decoding-prospectsHave you ever been on a sales call during which your prospect says something that makes you want to ask, "And that means ... what?" I've got plenty of examples to relay what I'm talking about.

Your prospect tells you they need a quicker response time than your product can provide. They tell you you’re too expensive. They say the product doesn’t have all the features they need. They complain the user interface is “too complicated.” They tell you they need more leads and opportunities and greater client engagement.

But what does it mean when your prospect says they need quicker response times? How do they define "quicker"?

What does it mean when your prospect says your product is “too expensive?” How much less expensive do they want it to be? Exactly what price are they looking for?

What does it mean when your prospect says they need better leads? What do they consider to be a "better" lead?

Most salespeople start and stop with these vague, non-descript, and undefined objections. The problem? None of this tells you anything. It doesn’t get you any closer to meeting the customer's or prospect's needs. It provides nothing that a salesperson can use to progress the sale.

So, another question arises: How can you take these qualitative terms and turn them into quantitative, actionable items?

Understand Prospects, Then Consult Them

It’s the salesperson's job to be a consultant for the prospect or customer. Consultants initiate change. They challenge, provoke, train, and educate. Consultants are change agents, and in order to have change, a defined current state and end state are required.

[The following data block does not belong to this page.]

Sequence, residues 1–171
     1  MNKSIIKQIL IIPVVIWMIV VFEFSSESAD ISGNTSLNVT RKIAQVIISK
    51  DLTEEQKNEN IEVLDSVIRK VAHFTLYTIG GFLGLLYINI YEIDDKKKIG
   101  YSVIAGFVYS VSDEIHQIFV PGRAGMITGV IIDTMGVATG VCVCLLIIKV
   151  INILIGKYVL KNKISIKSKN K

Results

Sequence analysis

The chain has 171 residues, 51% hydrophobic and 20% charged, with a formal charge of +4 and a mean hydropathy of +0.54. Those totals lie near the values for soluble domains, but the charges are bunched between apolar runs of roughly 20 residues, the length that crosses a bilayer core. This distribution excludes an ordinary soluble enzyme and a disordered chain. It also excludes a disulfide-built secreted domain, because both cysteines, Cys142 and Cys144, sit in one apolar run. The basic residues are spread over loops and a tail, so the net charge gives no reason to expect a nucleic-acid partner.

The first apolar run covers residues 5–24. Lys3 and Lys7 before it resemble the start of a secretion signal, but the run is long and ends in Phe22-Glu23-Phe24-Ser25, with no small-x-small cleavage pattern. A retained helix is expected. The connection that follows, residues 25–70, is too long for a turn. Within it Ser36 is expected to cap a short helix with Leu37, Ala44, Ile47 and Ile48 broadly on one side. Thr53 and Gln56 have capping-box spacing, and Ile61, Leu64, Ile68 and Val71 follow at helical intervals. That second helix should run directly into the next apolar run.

In other words, sales has to have a benchmark to work with. No benchmark, no sale.

As salespeople, we need to recognize when a customer or prospect isn't being clear -- and we need to spring into action right then and there. How can you do this? Well, it's simple: You need to make your customer or prospect provide clarification for their answers.

Let them know they need to throw out specific numbers, time frames, and criteria so that you can help them. Make the customer or prospect tell you what exactly it is they require.

The next time a prospect tells you they don’t believe your product can do it because it’s not fast enough, ask them how fast they need it to be. The next time a client says the UI is too complicated, ask what a simpler UI looks like and how they define “too complicated.” The next time your customer says they need to see more leads, ask them how many more leads is enough.

Clear Definitions Means You Can Provide Answers

It’s not what our customers tell us that’s so important, but rather how they define what it is they are telling us.

As salespeople, nothing should go undefined. We need to understand exactly what our customers mean when they tell us what they are thinking. Too slow for you can be too fast for them. Too expensive to them can be cheap to you. More for them can be not enough for you. We all have our own expectations and definitions, and assuming they align is just plain foolish.

Don’t assume you have any idea what your customer or prospect wants or is thinking -- instead, just ask them. You’ll save everyone a lot of time and energy.

Have you experienced prospects or customers who don't know how to specifically relay their wants and needs? Share your story in the comments.

Jim Keenan is a sales and leadership coach with over 15 years of experience in sales leadership and leading teams to be highly productive sales organizations. You can follow him at @asalesguy and read more on his blog.

Image credit: Véronique Debord-Lazaro

Originally published Oct 1, 2013 8:00:00 AM, updated October 01 2013


Objection Handling